• During British rule in India, sedition laws were used to imprison people who criticized British policies.
  • Stand of Constituent Assembly:
    • The Constituent Assembly did not agree to include sedition in the Constitution as the members felt it would curtail freedom of speech and expression.
    • They argued that the sedition law can be turned into a weapon to suppress people’s legitimate and constitutionally guaranteed right to protest.
  • Repressing Democratic Values:
    • Increasingly, India is being described as an elected autocracy primarily because of the callous and calculated use of sedition law.

What are the Previous SC Rulings regarding Sedition?

  • As early as 1950, the SC in Romesh Thapar v State of Madras held that “criticism of the government exciting disaffection or bad feelings towards it, is not to be regarded as a justifying ground for restricting the freedom of expression and of the press, unless it is such as to undermine the security of or tend to overthrow the state.”
  • Subsequently, two high courts — the Punjab and Haryana High Court in Tara Singh Gopi Chand v. The State (1951), and the Allahabad High Court in Ram Nandan v. State of Uttar Pradesh (1959) — declared that Section 124A of the IPC was primarily a tool for colonial masters to quell discontent in the country and declared the provision unconstitutional.
  • In the Kedarnath Singh v State of Bihar (1962) ruling on sedition the SC overruled the earlier rulings of the high courts and upheld the constitutional validity of IPC Section 124A. However, the court attempted to restrict its scope for misuse.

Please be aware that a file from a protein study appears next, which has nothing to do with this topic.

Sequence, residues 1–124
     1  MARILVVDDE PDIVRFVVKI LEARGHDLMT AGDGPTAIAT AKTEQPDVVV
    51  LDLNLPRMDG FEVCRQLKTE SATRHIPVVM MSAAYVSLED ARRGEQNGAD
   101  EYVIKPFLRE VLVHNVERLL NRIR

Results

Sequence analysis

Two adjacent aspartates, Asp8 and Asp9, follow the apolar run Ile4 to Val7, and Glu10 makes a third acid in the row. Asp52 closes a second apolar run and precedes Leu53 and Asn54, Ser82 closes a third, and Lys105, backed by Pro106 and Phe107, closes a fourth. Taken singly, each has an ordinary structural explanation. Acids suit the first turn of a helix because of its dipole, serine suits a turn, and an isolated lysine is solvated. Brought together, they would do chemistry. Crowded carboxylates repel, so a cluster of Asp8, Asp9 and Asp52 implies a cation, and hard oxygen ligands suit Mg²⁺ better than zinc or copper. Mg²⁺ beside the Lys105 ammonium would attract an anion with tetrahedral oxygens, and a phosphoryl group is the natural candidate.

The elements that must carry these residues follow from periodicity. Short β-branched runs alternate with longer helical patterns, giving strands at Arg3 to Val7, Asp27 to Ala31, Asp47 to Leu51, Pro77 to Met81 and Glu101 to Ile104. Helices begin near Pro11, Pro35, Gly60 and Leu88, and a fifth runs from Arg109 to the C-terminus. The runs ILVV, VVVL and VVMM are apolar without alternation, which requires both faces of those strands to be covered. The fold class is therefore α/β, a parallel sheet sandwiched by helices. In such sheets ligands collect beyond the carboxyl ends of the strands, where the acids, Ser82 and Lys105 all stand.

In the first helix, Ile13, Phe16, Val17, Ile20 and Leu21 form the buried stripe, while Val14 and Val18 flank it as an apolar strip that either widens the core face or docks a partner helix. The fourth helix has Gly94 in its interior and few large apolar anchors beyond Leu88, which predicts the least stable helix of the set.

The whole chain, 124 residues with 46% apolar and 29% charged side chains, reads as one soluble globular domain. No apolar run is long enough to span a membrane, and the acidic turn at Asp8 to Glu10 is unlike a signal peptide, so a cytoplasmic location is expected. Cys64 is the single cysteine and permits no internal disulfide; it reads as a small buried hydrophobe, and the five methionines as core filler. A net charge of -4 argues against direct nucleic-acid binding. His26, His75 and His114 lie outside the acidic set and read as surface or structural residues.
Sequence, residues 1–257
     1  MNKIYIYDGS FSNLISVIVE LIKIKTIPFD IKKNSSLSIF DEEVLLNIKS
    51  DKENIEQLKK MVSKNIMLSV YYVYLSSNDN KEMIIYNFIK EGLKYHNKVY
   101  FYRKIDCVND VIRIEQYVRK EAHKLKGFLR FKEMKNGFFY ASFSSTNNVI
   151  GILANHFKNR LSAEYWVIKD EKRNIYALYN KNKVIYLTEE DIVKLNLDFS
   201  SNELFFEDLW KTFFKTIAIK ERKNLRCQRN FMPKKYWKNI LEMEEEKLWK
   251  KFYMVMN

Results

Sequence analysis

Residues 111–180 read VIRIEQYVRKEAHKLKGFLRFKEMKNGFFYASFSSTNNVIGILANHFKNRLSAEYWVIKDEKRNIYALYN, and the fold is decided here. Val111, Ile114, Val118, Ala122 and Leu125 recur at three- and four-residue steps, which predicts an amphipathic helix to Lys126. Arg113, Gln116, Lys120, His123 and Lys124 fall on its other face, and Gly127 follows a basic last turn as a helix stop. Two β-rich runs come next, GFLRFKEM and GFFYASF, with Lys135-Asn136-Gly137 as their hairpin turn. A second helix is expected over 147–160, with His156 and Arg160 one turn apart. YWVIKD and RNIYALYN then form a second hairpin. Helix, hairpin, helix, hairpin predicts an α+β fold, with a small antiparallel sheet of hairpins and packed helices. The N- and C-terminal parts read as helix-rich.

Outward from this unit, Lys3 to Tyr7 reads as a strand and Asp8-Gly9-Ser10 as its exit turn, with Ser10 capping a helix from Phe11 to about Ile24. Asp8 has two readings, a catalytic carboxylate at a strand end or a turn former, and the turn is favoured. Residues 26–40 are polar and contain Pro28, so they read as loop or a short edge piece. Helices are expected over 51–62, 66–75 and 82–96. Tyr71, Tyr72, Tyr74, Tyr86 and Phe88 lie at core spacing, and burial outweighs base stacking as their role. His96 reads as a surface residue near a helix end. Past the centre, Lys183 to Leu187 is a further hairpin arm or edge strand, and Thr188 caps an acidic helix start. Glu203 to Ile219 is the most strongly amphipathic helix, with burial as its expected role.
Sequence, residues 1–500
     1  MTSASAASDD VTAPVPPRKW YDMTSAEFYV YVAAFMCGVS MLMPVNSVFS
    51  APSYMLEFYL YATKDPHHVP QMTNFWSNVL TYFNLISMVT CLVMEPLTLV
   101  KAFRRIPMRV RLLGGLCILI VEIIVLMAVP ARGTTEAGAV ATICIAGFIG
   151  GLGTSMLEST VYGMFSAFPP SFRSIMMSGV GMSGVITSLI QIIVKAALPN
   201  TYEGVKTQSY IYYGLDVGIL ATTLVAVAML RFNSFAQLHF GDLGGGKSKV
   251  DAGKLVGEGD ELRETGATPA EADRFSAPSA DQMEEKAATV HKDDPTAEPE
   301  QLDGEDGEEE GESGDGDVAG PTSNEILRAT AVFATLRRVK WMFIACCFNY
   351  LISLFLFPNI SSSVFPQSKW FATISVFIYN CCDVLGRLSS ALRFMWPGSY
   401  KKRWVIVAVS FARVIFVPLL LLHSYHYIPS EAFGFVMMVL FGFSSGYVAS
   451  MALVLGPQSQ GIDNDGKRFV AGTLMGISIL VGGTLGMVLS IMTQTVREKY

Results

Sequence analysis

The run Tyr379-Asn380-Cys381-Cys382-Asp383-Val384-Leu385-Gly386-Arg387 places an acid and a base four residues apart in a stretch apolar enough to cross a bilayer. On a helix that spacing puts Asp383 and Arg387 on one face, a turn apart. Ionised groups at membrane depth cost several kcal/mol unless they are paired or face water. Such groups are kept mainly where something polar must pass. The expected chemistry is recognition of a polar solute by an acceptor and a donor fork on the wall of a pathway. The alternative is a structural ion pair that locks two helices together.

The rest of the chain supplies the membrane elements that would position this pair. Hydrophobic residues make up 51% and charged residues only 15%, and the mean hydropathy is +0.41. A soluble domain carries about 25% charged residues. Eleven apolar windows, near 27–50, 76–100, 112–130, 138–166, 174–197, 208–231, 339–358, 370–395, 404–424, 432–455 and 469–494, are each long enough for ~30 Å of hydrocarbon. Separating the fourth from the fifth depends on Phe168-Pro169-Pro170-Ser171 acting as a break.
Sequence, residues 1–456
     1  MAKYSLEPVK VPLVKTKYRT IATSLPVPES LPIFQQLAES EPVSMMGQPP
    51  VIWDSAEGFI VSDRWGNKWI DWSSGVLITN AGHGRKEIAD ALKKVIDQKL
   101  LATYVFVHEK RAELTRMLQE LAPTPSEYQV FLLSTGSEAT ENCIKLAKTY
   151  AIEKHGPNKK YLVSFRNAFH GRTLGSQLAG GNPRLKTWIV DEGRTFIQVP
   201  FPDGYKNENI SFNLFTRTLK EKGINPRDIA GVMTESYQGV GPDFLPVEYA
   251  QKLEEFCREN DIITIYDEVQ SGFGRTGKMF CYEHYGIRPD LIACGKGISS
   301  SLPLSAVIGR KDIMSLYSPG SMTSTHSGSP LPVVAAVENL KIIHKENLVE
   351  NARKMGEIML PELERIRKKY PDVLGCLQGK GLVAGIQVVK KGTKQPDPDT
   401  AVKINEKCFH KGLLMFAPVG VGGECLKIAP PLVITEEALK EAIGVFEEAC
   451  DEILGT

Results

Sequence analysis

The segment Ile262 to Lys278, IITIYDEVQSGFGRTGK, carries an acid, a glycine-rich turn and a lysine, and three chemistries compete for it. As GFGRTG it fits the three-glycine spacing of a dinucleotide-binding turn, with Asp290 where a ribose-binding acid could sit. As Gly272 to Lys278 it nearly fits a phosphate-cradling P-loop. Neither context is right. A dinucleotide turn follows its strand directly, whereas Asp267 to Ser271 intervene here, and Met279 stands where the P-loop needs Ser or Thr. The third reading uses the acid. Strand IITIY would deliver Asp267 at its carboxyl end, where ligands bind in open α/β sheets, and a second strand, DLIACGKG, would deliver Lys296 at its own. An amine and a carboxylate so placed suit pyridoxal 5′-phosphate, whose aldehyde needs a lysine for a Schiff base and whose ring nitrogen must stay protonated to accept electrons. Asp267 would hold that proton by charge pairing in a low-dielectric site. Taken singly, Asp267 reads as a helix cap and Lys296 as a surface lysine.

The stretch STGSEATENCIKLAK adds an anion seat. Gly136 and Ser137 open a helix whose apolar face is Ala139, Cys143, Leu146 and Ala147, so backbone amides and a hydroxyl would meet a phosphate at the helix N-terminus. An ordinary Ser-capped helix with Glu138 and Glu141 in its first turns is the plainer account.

What are Recent Developments?

  • In February 2021, the Supreme Court protected a political leader and six senior journalists from arrest, for allegedly tweeting and sharing unverified news, in multiple sedition FIRs registered against them.
  • In June 2021, the SC while protecting two Telugu (language) news channels from coercive action by the Andhra Pradesh government emphasized on defining the limits of sedition.
  • In July 2021, a petition was filed in the SC, that sought a relook into the Sedition Law,
    • The Court ruled that a law that criminalizes speech based on vague and unconstitutional definitions of terms like 'disaffection towards Government' is not a reasonable restriction on the fundamental right to free expression guaranteed under Article 19(1)(a).
    • Such a law creates a chilling effect on speech, that means people will self-censor or refrain from expressing their opinions out of fear of being punished by the government.

Way Forward

  • The court’s intervention is crucial because in case it strikes down the provision, it will have to overrule the Kedar Nath ruling and uphold the earlier rulings that were liberal on free speech.
    • However, if the government decides to review the law, either by diluting the language or repealing it, it could still bring back the provision in a different form.
  • The higher judiciary should use its supervisory powers to sensitize the magistracy and police to the constitutional provisions protecting free speech.
  • The definition of sedition should be narrowed down, to include only the issues pertaining to the territorial integrity of India and sovereignty of the country.

Source: TH